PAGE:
KAP to move stronger biofuels laws in face of global fuel crisis

18th March 2022

Nick Dametto MP.

Katter’s Australian Party (KAP) Deputy Leader and Hinchinbrook MP Nick Dametto has flagged his plans to strengthen the State’s ethanol mandate, calling the current legislation a “wet lettuce leaf” that enables global oil companies to laugh all the way to the bank at the expense of Queenslanders.

Currently E10 fuel in Queensland must have no more than 10 per cent ethanol in the blend, but the lack of a ‘floor figure’ means E10 pumped from the bowser may contain as little as 1 per cent ethanol.

Australia’s lack of fuel security has dominated the public sphere since the Russian invasion of the Ukraine triggered international oil prices to soar.

This has led to an unprecedented price hike at the bowsers, with a litre of unleaded now costing more than $2.20.

Pressure has mounted this week for the Prime Minister to approve a petrol excise tax cut, but KAP MPs have argued the short-sighted policy would be a “band-aid on a bullet hole” and would do nothing to address the nation’s dismal fuel security dilemma.

Mr Dametto said Australia currently produced less than 10 per cent of its own fuel, down from 40 per cent in 2000, and was now beholden to fragile international supply chains and price structures.

He said Queensland should have a thriving biofuels sector and, with its abundant sugar cane crop that could easily diversify away from sugar production to ethanol the only thing holding it back is solid government support.

Queensland is one of two Australian states to have an ethanol mandate and, despite it coming into effect in 2017 after significant lobbying by the KAP, the mandate target has never been reached or enforced.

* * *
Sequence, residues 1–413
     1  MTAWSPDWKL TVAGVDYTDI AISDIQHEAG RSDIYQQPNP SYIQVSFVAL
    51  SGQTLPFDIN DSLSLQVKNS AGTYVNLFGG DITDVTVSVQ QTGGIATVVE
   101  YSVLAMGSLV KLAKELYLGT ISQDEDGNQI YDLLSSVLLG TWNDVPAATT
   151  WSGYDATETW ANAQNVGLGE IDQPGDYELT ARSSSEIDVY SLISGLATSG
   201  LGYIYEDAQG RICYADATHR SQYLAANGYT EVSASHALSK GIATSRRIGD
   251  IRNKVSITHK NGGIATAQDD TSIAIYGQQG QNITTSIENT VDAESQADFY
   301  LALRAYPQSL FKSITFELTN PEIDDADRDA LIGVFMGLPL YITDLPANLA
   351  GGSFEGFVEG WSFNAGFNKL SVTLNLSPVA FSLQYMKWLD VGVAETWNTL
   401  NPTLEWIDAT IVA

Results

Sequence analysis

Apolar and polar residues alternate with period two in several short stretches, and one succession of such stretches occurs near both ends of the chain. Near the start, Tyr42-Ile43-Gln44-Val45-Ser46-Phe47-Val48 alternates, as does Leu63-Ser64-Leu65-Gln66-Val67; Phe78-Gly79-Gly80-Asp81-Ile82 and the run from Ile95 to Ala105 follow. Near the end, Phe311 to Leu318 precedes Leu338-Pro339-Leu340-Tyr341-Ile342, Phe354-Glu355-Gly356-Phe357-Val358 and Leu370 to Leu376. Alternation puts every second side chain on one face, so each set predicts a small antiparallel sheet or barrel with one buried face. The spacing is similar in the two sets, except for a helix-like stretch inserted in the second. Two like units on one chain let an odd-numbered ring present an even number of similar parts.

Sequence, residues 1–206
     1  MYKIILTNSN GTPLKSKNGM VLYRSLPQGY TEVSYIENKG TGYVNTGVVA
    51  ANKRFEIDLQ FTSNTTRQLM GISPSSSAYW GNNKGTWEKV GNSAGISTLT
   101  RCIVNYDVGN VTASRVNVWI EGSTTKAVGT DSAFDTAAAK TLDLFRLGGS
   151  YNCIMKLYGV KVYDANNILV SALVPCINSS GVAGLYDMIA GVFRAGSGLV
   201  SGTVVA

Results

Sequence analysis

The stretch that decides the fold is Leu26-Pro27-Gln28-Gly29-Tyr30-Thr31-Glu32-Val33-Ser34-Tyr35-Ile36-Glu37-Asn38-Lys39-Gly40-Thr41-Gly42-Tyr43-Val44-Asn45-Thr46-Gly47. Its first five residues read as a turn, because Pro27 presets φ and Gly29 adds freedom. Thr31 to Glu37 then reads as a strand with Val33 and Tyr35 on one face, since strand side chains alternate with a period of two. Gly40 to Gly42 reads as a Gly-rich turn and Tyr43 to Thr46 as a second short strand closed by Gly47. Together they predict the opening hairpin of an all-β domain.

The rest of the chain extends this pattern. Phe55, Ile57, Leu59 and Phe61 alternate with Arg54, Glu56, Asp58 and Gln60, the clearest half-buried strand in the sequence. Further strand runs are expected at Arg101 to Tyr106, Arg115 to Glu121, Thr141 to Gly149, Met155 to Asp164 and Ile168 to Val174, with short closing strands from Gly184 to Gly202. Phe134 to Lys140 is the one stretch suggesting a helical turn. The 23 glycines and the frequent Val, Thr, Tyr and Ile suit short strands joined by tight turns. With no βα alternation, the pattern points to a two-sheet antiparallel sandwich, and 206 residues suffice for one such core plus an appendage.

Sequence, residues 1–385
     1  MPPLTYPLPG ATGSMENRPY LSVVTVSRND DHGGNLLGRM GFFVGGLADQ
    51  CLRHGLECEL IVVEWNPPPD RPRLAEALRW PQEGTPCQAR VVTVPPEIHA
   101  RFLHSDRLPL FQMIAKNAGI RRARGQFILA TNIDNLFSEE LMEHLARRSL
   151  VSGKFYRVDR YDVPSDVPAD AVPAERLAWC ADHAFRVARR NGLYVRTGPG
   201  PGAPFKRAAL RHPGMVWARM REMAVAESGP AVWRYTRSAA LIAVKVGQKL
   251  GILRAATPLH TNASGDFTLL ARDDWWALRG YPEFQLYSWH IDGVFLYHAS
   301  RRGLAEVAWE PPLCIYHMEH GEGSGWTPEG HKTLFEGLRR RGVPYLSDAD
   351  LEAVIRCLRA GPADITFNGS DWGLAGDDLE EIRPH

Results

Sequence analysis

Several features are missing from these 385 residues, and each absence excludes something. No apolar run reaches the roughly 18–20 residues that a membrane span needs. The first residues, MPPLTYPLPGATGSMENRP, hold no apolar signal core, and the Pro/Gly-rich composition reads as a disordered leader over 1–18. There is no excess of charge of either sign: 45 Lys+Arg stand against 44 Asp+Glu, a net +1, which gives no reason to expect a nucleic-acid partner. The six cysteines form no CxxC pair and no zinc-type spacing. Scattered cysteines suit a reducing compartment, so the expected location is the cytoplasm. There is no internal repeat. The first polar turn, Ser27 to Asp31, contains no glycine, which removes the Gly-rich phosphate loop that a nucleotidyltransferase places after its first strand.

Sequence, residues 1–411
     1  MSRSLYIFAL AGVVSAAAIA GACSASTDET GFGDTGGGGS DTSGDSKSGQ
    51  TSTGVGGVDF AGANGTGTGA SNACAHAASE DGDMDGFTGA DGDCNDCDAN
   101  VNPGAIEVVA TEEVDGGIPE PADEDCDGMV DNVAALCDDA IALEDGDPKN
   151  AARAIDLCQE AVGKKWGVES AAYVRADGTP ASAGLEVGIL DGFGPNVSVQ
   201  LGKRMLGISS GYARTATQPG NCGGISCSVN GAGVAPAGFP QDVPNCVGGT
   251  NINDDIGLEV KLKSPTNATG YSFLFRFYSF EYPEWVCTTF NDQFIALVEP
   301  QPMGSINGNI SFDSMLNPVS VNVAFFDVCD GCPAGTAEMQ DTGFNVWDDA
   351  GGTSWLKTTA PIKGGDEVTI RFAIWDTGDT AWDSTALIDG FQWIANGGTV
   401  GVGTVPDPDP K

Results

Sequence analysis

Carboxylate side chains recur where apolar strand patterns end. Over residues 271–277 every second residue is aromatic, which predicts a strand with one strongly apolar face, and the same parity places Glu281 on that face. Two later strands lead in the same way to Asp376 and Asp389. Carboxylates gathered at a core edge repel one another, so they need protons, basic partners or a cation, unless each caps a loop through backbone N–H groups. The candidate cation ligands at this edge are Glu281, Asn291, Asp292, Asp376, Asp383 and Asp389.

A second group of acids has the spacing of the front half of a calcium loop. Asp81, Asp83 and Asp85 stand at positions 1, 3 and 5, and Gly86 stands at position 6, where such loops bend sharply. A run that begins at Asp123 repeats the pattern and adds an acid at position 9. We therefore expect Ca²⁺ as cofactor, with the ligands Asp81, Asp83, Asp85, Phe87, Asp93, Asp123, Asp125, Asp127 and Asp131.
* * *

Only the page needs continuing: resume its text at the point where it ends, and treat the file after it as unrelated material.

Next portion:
By law at least four per cent of unleaded fuel sold in the State should be ethanol, however the current sale rate is a measly 2.9 per cent and around half of all fuel retailers operating in Queensland have been exempt from the State’s ethanol mandate at any given time.

Mr Dametto said the number of exemptions, which can be given at the discretion of the Minister for a variety of reasons, signalled a failure of the current policy and the shallow degree to which the Palaszczuk Labor Government was committed to the biofuels sector.

“It is madness that the ethanol mandate is not being taken seriously, and frankly, offensive the degree to which the fuel companies are being allowed to flout the law,” he said.

“The KAP pushed the mandate through the Parliament back in 2017 because we wanted to improve our nation’s fuel security, value-add to existing agriculture industries, bring down the cost of fuel and importantly, reduce tail-pipe emissions that are damaging not only to the environment but also to our health.

“E10 can reduce these emissions by 30 per cent, and more if higher blends are used.

“The current state of the mandate in Queensland significantly erodes the State Labor Government’s credibility on environmental policy, a cause they seek to champion when it suits them.

“How can they be taken seriously in regard to electric and hydrogen-powered vehicles if the State can’t get setting up a biofuel’s industry right?”

The KAP’s Bill will seek to amend the State’s ethanol mandate to so that all fuel retailers must take reasonable action to ensure that the E10/ethanol-blended fuel they sell contains a minimum of 9 per cent and a maximum of 10 per cent ethanol and advertised as such, while also increasing to penalties for non-compliance by fuel retailers with the Act.

“In response to the growing concerns from consumers, the KAP has been spurred on to bring forward its legislative efforts to tighten the ethanol mandate – this law must be strengthened to promote an up take of biofuels in Queensland to bolster our national fuel security,” Mr Dametto said.


Nick Dametto MP